Kyle and her husband moved to Brookfield in 1986. She became active in local politics and started blogging in 2004. Her focus is primarily on local issues but often includes state and national topics, too. Kyle looks at things from the taxpayers' perspective in a creative, yet down to earth way, addressing them from a practical point of view.
The late winter average of vitamin D levels in the United States is only about 15-18 ng/ml -- and any levels below 20 ng/ml are considered serious deficiency states that will increase your risk of breast and prostate cancers and autoimmune diseases like multiple sclerosis and rheumatoid arthritis.
Lack of Sunshine Causes One Million Deaths a Year http://articles.mercola.com/sites/articles/archive/2007/08/24/lack-of-sunshine-causes-600-000-cancers-a-year.aspx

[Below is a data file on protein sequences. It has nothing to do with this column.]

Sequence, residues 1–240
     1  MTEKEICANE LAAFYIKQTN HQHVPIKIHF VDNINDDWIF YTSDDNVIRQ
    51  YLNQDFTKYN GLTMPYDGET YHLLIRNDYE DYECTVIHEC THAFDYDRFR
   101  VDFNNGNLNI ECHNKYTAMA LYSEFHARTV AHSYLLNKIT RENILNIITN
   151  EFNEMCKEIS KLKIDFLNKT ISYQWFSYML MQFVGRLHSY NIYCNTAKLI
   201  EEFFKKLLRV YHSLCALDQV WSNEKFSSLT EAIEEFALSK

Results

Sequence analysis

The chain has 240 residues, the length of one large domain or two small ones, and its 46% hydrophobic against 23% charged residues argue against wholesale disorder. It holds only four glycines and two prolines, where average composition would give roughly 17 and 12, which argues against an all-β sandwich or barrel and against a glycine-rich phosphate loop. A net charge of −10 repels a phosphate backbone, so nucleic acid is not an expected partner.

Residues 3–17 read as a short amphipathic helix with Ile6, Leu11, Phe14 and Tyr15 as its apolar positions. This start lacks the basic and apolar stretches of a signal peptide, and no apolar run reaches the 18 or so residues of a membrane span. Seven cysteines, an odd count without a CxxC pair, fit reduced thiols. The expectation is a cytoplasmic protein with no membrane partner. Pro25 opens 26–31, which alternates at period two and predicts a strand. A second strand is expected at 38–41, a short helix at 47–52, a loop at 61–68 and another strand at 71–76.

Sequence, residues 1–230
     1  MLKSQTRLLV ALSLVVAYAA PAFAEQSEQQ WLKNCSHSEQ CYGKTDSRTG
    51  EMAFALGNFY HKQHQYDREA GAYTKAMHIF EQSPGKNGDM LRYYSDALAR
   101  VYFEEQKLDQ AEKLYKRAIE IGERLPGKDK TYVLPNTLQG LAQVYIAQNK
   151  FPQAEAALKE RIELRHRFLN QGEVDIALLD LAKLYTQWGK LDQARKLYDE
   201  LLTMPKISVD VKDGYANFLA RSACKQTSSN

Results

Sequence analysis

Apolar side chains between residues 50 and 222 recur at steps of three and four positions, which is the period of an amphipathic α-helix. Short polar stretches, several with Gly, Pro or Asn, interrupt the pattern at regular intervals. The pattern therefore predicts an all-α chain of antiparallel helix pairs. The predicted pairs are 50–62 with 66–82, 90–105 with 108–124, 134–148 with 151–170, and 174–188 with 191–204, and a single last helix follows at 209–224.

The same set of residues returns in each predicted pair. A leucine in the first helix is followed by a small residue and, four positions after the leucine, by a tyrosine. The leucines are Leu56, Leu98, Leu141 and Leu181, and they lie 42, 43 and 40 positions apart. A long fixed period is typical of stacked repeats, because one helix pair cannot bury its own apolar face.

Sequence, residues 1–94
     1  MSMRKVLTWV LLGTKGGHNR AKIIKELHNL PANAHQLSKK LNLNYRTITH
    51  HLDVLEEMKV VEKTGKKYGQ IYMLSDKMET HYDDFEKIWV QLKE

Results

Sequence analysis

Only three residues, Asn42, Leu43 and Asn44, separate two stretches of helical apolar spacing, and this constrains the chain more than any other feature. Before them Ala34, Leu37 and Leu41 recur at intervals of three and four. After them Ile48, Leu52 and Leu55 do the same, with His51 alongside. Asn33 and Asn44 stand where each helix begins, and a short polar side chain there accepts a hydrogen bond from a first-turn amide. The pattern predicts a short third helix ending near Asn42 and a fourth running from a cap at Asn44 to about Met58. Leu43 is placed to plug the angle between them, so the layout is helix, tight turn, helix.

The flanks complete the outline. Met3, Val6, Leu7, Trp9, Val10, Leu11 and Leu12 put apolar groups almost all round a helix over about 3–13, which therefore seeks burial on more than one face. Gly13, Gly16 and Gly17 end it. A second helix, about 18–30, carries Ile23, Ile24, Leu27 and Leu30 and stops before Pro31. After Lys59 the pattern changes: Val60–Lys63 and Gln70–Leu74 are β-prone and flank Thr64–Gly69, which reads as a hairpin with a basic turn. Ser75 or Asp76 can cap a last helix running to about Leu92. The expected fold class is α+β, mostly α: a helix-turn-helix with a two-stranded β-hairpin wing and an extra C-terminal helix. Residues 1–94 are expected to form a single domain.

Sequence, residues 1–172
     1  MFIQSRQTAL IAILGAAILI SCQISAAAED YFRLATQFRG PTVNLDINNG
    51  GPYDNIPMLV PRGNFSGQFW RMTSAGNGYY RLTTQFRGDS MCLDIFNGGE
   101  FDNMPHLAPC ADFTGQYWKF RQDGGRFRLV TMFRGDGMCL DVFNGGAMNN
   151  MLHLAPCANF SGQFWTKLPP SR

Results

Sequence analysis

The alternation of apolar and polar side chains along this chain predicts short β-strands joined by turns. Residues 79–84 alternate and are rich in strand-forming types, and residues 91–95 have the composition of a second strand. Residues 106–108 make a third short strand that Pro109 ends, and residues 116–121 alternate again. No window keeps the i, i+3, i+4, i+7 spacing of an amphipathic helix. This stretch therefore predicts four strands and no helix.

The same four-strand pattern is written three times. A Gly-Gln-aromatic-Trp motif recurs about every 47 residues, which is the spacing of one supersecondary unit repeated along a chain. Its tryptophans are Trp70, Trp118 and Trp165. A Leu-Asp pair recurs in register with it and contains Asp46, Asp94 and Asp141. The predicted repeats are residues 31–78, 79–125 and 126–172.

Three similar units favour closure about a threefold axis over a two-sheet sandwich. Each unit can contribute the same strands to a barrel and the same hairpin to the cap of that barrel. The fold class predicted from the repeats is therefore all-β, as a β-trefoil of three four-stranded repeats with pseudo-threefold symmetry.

If vitamin D3 levels among populations worldwide were increased, 600,000 cases of breast and colorectal cancers could be prevented each year, according to researchers from the Moores Cancer Center at the University of California, San Diego (UCSD).
This includes nearly 150,000 cases of cancer that could be prevented in the United States alone.
The researchers estimate that 250,000 cases of colorectal cancer and 350,000 cases of breast cancer could be prevented worldwide by increasing intake of vitamin D3, particularly in countries north of the equator.